What were you listening to when you made this record?
TM: Tons of things, but nothing specific. Maybe Italian music more, like Lucio Battisti, Franco Battiato. But then we have to find a common language; we have to make them fit into the same [music]. The less inbred, the better.
The less inbred?
TM: We’re Frenchmen, so it would be inbred to be inspired by a French artist. The more foreign in time and distance … like Monteverdi, that’s perfect: 1500s Italian music. That’s really far from us — we can easily steal from that.
Is this a concept record?
TM: Not on paper, but maybe. The word “concept” has a bit of a negative twist for me somehow, but at the same time, every album is a concept, because we see it as a book. With every single song that you hear, we want each of them to have a strong identity.
DD: It’s more coherence than concept. Concept sometimes goes against freedom. And the way we made it was free-spirited for a while. At least there was no concept at the beginning
Judging by the titles of the songs, Europe was a huge influence. How did you land on those titles?
TM: The thing is, we are a European band as well. Even in our previous albums, we talk about the European roots, and then we sing in English. And actually what we sing about is our European roots. But we probably pushed it even farther this time.
DD: There are songs in Italian, like Thomas was saying. “Telefono” and “Fior di Latte.” The song is named after a kind of sweet milk. It’s actually the flavor of a very good ice cream. We were thinking a lot about ice cream and gelato while we were doing this album. That was the concept.
TM: Melting, always melting.
DD: Melting gelato.
TM: It had to melt. Otherwise, it helps when you’re in this industry to have a few words whenever you’re surrounded by instruments, and you have to choose something to fit in a song. If you have a word that you can think of, it helps to make that decision. I know in movies they do that. Every day they have to take that: We want this shot to be green or white. And then, if “milk” is part of one of those words, you go with white … it helps create a coherent identity. So in that way, [the album] is maybe a little bit conceptual.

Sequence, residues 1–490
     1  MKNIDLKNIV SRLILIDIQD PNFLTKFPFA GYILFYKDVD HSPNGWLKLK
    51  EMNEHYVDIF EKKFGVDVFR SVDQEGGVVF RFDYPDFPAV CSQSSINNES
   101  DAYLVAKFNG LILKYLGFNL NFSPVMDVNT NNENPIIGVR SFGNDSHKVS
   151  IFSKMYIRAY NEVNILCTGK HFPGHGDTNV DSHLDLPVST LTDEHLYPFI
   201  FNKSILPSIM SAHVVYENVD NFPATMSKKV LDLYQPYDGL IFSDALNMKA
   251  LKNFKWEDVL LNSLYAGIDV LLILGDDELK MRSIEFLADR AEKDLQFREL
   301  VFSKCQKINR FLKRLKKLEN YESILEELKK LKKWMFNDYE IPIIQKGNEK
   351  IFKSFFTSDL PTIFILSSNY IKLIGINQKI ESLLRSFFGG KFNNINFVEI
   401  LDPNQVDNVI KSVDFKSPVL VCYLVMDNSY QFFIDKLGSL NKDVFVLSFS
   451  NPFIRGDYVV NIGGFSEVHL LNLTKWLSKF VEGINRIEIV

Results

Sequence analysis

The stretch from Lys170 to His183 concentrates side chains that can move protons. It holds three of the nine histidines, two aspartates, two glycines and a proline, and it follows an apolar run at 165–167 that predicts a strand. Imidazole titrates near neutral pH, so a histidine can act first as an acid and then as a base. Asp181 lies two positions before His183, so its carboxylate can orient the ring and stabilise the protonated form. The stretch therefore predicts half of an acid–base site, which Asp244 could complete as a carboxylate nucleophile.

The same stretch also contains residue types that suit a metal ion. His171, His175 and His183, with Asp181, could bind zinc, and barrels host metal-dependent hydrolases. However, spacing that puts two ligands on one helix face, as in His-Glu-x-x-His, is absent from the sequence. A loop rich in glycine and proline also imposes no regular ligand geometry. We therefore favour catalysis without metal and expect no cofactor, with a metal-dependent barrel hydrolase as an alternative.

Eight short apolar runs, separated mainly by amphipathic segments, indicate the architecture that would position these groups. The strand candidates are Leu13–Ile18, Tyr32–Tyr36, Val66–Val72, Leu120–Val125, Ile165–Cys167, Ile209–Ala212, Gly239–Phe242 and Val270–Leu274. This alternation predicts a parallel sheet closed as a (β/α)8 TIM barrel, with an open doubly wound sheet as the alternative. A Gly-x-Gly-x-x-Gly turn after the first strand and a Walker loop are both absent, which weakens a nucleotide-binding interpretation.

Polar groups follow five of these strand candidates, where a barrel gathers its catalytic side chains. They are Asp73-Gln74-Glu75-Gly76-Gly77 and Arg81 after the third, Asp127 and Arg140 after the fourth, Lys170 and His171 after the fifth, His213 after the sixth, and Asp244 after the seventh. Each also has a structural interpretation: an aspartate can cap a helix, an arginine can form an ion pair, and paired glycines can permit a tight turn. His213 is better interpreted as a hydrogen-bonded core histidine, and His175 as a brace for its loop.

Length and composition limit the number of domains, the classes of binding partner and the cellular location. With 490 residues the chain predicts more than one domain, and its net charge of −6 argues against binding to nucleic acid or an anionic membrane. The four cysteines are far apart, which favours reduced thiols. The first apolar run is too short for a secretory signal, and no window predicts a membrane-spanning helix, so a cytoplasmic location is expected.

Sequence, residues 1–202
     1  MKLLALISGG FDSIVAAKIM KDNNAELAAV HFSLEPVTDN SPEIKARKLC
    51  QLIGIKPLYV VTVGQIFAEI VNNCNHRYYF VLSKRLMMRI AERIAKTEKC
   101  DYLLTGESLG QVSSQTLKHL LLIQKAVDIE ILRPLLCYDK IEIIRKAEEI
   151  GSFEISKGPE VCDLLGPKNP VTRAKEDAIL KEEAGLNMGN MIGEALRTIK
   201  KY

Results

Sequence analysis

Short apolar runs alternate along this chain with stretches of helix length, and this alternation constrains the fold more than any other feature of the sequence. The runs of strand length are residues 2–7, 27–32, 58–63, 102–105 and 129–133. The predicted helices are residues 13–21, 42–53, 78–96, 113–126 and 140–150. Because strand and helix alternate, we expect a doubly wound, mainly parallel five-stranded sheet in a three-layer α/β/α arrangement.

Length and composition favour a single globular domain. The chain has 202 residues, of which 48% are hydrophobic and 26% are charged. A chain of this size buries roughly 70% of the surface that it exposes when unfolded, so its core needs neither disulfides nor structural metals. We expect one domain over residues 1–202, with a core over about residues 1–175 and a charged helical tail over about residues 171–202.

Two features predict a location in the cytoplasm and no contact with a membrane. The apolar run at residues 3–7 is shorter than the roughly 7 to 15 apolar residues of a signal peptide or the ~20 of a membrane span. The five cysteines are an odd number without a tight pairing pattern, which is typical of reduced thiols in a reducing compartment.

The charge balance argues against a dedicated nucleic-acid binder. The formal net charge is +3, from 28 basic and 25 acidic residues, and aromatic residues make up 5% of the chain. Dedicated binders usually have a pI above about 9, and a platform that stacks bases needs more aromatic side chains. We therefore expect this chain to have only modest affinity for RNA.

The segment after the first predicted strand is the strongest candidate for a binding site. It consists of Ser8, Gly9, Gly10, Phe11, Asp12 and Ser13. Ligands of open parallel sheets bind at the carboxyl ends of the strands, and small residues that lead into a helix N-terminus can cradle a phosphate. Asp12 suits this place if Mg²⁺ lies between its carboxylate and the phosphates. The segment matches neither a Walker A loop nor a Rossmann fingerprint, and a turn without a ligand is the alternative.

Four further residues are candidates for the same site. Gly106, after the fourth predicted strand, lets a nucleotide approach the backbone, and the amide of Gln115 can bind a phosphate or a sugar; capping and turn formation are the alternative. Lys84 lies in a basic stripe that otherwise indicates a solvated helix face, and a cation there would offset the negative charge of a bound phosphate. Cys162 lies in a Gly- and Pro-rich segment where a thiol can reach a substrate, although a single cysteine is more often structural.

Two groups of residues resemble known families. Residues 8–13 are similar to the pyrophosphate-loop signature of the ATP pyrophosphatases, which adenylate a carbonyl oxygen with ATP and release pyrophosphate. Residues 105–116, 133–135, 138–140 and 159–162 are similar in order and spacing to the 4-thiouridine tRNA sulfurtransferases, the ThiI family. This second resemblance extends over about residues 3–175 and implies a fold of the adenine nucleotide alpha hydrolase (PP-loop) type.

So is the theme of the album melted gelato, then?
TM: It is! Yeah! What would you say?
I would say, like, love and passion?
TM: Yeah. Melted gelato — there’s an erotic quality in gelato, and in food in general.
How many gelatos did you have while making this record?
TM: None, but you fantasize about them. No, actually, we had a few — the “Fior di Latte” one has this pure quality. It’s hard to analyze — I read recently a really good quote from Mike Nichols, who was quoting someone else. But he’s trying to explain his work, and he’s saying, “I’m a bird, not an ornithologist.” And I think it explains really well how incapable people are at analyzing their own work. We are the bird.
Other than gelato, how did you immerse yourself in Italy and Europe in general to create the record? Did you go to any specific places to gain inspiration?
TM: We did, but we weren’t looking for authenticity. We were looking for this distortion; we we were looking for mistakes and imperfection. With this record, we’re almost happy to stay as tourists to get the distorted feeling. Similar to the way that we sing in English, we don’t want to make perfect American songs with American accents. We love that our brain cells and connections are French, and it makes something cool that sometimes people don’t get. But I think it makes the music unique. So it’s the same way with Italian, we just used it as a vehicle to create a tone.
This interview has been edited and condensed.